Reasons to Study Abroad - Part 2

Continuing from our ‘Reasons to Study Abroad - Part 1’ published on March 28, this week we bring you Part 2! As we discussed before, the thought process behind studying abroad is advancing, as students of all ages think more in-depth about the benefits – long-term and short-term, personal and professional – about learning a language. Last week, we went through why learning overseas is good for your brain: globalisation; experiencing new cultures; making international connections; and potentially finding a better quality of education.

Without further ado, here are five more reasons why you should study abroad!


Character building, independence and resilience

What better way for a young student to gain more independence than in a new country, supported by an International House school and its staff. For a first timer, once that initial leap of faith has been successfully executed, it can build confidence and open doors to where they want to take their future education and later career. Studying a language abroad builds character, as overcoming that vital communication barrier with locals will take some resilience… but nothing worth having ever came easily. It could be this courage that eventually sets you apart from other candidates when applying for a job, as employers may think that this kind of spirit or pluckiness will be reflected in the workplace. 


Develop your communication skills

Learning a new language opens up a myriad of communication skills – not only the fact that you will simply be able to speak in another language. Upon first arriving in that country, you may find that you need to ask for the simplest of things using your new but limited skills. Asking for anything more complicated, however, could mean finding a more ingenious way of asking for something that you haven’t learnt the word for yet. An example from someone in our office includes asking about a neighbour by saying “the person you live next to” or even “the person you live in front of”! There is always a way to explain what you are trying to say, even if you end up miming! A positive, can-do attitude will help you communicate with anyone. Of course, building up the confidence to speak to more people will help to improve your vocabulary and also your natural conversation flow – good for making new friends and also for impressing employers.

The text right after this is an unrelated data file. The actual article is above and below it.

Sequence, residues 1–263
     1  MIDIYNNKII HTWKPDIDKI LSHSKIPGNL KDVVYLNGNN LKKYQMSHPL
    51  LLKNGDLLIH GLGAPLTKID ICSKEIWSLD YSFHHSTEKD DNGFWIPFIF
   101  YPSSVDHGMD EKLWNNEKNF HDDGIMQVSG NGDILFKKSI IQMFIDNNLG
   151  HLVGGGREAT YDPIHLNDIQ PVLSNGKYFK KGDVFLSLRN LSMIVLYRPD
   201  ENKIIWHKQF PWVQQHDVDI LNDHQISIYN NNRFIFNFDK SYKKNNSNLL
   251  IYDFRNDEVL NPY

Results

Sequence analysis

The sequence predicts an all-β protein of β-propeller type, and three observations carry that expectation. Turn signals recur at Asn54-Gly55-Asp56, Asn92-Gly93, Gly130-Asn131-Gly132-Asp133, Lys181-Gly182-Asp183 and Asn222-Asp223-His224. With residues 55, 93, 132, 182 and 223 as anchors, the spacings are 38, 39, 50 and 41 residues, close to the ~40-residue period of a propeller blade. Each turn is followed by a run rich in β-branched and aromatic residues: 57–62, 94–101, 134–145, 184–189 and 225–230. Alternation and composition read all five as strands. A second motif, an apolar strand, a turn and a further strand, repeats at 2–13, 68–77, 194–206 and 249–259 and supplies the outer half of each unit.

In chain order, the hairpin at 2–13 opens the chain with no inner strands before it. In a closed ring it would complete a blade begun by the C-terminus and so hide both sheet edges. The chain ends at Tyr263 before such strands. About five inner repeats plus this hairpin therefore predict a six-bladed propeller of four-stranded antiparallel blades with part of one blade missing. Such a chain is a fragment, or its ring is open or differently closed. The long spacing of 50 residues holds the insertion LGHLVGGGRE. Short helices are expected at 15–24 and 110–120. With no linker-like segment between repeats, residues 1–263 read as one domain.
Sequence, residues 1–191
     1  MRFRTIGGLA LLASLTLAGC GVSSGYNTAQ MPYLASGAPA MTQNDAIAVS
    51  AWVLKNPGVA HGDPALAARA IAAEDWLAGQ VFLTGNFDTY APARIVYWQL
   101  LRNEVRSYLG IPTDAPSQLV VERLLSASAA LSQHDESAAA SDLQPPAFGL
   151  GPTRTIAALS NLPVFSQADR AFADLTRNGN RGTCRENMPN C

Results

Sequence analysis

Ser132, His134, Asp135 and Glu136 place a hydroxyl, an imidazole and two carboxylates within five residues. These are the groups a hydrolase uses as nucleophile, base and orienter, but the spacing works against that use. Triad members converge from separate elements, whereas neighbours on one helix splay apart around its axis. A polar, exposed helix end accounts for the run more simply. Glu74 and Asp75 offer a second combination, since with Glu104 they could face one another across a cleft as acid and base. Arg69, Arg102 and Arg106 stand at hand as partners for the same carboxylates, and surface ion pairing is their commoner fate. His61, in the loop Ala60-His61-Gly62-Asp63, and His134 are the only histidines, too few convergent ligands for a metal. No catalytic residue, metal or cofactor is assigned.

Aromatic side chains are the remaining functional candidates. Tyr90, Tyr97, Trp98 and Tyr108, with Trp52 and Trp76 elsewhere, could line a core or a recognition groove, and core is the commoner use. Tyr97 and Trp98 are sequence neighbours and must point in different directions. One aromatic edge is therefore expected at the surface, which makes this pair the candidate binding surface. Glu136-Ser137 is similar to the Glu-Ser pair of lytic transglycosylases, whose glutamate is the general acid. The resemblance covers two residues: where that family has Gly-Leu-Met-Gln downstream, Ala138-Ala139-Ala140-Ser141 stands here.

Improving tolerance

As previously explored, learning a language can help to increase concentration and confidence, but did you know it can also improve tolerance in numerous ways? For example, language learning can lead to a higher tolerance of ambiguity, which means that unfamiliar situations seem exciting rather than frightening. A conversation in a new language when you’re in an unfamiliar country will naturally be a bit scary at first, but the more you do it, the more familiar it will become. This increased understanding can cross over into other parts of your life, thus increasing your tolerance of ambiguity. Not to mention the heightened cross-cultural understanding leading to more tolerance through kindness and patience.


It could make you happier

A study featured in Current Biology found that the part of the brain where reward processing occurs, called the ventral striatum, is stimulated by learning the meaning of new words when learning another language. This part of the brain is also activated when you eat a piece of chocolate! Although learning a new language sometimes comes with its stresses, successful learning can boost the levels of dopamine in your brain leading to a better mood overall. Plus, being able to communicate with more people will lead to more social connections. For example, if you learn Spanish, not only will you be able to communicate with people from Spain, you will also be able to travel to Latin America and communicate with the people there too!


See the world!

Of course, it’s impossible to talk about learning a language abroad without mentioning that this means travelling to new exciting, exotic and exuberant places. The world is full of towns and cities known for their culture, history, food scene, sport, liveliness, proximity to outdoor or beachside activities, beauty, or charm. Being in a new place, you will automatically broaden your education in different ways, like visiting new museums, seeing wonders of the world up close, or hiking through striking landscapes. If you have chance, it can also mean that you are able to visit neighbouring countries more easily than you would’ve before, e.g. studying in Italy might also mean you can visit France, Germany or Malta.


International House World Organisation has study abroad opportunities in 54 countries worldwide, where 7 languages are taught. To find out more about where you can start – or continue – your study abroad journey with IH, go here and browse through our many options.

Bon voyage!